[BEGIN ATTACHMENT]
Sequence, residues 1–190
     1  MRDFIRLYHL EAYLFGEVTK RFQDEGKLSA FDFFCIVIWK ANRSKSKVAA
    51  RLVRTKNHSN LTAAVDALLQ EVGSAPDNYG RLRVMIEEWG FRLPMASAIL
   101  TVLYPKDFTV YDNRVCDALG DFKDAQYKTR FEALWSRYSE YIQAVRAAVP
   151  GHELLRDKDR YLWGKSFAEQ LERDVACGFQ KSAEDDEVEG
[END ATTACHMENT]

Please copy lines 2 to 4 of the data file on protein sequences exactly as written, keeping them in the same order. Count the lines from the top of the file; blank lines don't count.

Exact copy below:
     1  MRDFIRLYHL EAYLFGEVTK RFQDEGKLSA FDFFCIVIWK ANRSKSKVAA
    51  RLVRTKNHSN LTAAVDALLQ EVGSAPDNYG RLRVMIEEWG FRLPMASAIL
   101  TVLYPKDFTV YDNRVCDALG DFKDAQYKTR FEALWSRYSE YIQAVRAAVP